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One last fly over for Jack

BREMERTON — When Jack Brooke graduated from high school in 1945, it was too late to join the war and help fight for his country.

But growing up in Seattle, he couldn’t resist his passion for aviation after watching the aircraft that flew out of Boeing Field. Brooke decided to join the Navy and Naval Air Reserve at NAS Seattle (Sand Point) and served for nine years, but was never on active duty.

Then in 1993, thanks to his daughter Cindy and a tour of World War II-era aircraft in an exhibit at the Museum of Flight in Seattle, he became hooked on learning as much as he could about the aircraft and crewmen who served during the wartime period.

“I had no idea what this would ever turn into — a total serious hobby,” Cindy said. “But I’ve been the fortunate one to experience it with him.”

Since that fateful trip, Brooke and his daughter have been organizing visits of the Collings Foundation WWII Heavy Bomber Aircraft to Bremerton. While Brooke passed away last August, this week’s visit of the foundation’s B-24 and B-17 to Bremerton was held in his memory.

Brooke had been a part of the foundation as a plane sponsor, organizer of local events and traveled with the foundation around the country numerous times in the historical aircraft, said Foundation Chief Pilot Rob Collings.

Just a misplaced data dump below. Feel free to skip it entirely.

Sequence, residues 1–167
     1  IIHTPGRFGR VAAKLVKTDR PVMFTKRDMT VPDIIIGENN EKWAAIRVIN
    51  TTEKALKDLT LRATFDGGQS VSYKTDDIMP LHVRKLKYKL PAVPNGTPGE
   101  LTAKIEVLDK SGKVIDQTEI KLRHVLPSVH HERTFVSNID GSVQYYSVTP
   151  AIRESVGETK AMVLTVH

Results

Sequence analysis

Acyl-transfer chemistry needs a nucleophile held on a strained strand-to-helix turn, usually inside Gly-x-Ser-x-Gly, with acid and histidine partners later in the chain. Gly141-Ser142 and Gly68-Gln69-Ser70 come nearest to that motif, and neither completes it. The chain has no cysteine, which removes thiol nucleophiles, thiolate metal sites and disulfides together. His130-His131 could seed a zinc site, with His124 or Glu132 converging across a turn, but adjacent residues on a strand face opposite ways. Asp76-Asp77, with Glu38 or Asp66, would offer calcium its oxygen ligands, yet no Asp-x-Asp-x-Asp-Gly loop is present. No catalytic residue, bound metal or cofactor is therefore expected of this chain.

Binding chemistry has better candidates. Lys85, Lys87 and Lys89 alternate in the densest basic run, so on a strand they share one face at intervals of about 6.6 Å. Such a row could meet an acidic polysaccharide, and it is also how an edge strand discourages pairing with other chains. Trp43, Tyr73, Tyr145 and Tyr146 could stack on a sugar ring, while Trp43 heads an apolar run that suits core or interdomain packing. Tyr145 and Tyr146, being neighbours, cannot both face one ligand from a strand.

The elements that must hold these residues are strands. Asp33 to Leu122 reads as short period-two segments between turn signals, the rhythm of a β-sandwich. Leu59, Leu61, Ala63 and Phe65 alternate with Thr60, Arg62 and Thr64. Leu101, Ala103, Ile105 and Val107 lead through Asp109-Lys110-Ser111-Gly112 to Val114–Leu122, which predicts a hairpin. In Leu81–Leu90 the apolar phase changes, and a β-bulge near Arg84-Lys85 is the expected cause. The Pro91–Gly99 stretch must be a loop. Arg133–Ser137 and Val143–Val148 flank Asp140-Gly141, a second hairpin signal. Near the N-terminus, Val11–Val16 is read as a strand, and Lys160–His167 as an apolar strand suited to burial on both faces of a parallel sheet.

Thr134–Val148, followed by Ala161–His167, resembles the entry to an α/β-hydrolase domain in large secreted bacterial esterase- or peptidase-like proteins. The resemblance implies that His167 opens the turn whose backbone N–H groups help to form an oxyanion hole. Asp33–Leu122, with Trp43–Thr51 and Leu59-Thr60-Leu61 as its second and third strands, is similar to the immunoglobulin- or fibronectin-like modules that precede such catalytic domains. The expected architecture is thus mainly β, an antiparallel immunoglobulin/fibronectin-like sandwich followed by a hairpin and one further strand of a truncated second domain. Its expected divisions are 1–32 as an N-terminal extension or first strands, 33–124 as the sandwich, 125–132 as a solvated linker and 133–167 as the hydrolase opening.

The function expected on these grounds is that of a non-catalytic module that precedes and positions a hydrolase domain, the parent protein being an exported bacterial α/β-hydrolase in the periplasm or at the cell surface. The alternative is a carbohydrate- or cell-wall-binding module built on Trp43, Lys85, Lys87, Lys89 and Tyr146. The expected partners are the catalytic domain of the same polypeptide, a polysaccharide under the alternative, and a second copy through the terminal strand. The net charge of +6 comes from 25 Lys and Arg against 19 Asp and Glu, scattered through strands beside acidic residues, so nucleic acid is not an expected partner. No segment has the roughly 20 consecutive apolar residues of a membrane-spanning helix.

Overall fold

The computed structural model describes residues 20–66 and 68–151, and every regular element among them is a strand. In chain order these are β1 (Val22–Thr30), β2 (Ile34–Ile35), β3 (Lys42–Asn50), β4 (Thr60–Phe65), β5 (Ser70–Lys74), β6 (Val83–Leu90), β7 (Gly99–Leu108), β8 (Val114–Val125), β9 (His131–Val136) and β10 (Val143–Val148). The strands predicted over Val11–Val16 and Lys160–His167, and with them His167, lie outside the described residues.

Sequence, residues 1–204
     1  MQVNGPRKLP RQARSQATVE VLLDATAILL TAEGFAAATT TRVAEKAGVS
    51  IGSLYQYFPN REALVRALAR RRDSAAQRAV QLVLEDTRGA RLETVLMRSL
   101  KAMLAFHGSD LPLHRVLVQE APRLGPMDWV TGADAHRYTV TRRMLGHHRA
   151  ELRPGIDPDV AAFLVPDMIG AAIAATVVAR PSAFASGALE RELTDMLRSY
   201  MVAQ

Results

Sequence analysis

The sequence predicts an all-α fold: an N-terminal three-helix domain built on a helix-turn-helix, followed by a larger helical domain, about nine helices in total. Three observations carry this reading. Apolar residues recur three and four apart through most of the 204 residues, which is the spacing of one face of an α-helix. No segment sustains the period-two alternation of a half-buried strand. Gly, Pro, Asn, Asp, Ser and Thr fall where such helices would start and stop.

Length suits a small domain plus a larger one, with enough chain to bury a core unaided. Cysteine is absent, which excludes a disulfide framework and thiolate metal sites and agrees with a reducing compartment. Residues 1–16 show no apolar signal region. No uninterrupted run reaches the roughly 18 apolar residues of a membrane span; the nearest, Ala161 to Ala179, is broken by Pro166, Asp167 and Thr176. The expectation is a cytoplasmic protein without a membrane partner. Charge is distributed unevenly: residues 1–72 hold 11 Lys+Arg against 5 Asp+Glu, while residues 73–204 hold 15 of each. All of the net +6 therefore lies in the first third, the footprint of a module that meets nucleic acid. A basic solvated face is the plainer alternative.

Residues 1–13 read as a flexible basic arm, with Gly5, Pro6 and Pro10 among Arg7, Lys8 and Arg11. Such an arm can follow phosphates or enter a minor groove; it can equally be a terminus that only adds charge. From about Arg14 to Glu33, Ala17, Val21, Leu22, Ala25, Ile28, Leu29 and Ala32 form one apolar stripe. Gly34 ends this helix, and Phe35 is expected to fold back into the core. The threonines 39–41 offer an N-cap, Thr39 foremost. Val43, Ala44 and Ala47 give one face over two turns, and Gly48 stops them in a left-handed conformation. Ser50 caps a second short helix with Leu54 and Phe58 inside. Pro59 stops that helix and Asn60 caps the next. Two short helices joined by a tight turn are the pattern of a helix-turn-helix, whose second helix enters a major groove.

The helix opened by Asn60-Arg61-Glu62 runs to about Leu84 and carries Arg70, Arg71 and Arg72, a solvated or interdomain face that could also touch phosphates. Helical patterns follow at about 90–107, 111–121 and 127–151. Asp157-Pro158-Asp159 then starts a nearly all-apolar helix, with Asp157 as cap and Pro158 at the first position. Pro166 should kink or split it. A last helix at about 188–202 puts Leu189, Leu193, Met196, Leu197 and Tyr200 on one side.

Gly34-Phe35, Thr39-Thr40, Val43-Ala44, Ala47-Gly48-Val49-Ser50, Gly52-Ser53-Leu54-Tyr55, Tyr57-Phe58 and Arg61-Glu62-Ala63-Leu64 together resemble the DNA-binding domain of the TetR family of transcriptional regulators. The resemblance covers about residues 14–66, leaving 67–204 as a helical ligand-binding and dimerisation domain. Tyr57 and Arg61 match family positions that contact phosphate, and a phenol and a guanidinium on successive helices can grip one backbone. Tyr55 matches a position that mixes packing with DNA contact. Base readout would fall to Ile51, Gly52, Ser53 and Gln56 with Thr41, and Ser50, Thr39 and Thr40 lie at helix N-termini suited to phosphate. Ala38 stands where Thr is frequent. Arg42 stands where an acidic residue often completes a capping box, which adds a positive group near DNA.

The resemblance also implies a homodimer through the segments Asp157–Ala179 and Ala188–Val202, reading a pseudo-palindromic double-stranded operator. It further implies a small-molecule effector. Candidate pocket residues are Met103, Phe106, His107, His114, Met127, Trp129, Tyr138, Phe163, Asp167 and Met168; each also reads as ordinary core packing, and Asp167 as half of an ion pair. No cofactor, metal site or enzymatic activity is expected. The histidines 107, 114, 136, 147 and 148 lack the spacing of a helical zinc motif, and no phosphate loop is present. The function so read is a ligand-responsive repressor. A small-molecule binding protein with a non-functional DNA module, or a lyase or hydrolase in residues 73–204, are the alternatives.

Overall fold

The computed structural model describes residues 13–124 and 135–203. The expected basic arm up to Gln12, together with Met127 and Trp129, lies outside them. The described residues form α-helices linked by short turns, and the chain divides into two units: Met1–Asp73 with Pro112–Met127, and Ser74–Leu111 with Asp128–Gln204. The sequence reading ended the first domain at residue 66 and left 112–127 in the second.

“It’s people like Jack and Cindy who make it happen,” he said.

And the foundation wouldn’t forget about Brooke when they left the area after one of their visits. In years past, as the bombers were flying out of the area, they would do a flyby over Brooke’s home in Driftwood Key, said his widow, Paula.

During their time involved with the foundation, the father-daughter duo not only made sure the organization came back again and again, but they also flew on the B-17 “9-0-9” many times around the country during its yearly tours. They also traveled around the world visiting former WWII airfields, air bases, museums and historic sites to learn as much as possible about the significant time in history.

Learning about the aircraft and making it accessible for all generations was just one part of the Brooke’s passion — the other was visiting with the many WWII vets around the country and hearing their stories.

“One story from one person itself really draws you in,” Cindy said.

At the time of the war, young men who were barely out of their adolescent years were being put on airplanes and flying 25,000 feet in the air around the world, dropping bombs during missions that could last six hours or more, Cindy explained. The odds of coming back were 25 percent and they had to deal with extremely rough conditions. The men Brooke visited with remembered stories from their war days like it was last week, she added, and Brooke felt it was incredibly important to record those stories and share them with younger generations when the Collings Foundation planes would visit.

One of those men was Kingston resident and former B-24 pilot Ayres W. Johnson, who called Brooke “a distinguished fellow” who was very dedicated to his work.

“Having flown the B-24, I was immediately impressed with the work he and his daughter Cindy did to bring them in from the Collings Foundation,” Johnson said.

The B-24s were the most produced aircraft during WWII, as there were 18,000 made and the one used in the show is the only one left that still operates, he said.

Brooke’s work accomplished two things, Johnson said: He educated a large number of people in this part of the country about WWII airplanes and service men and he provided an opportunity for the vets to relive their memories.

“If not for Jack and the wonderful Collings Foundation, none of that would be possible,” Johnson said.

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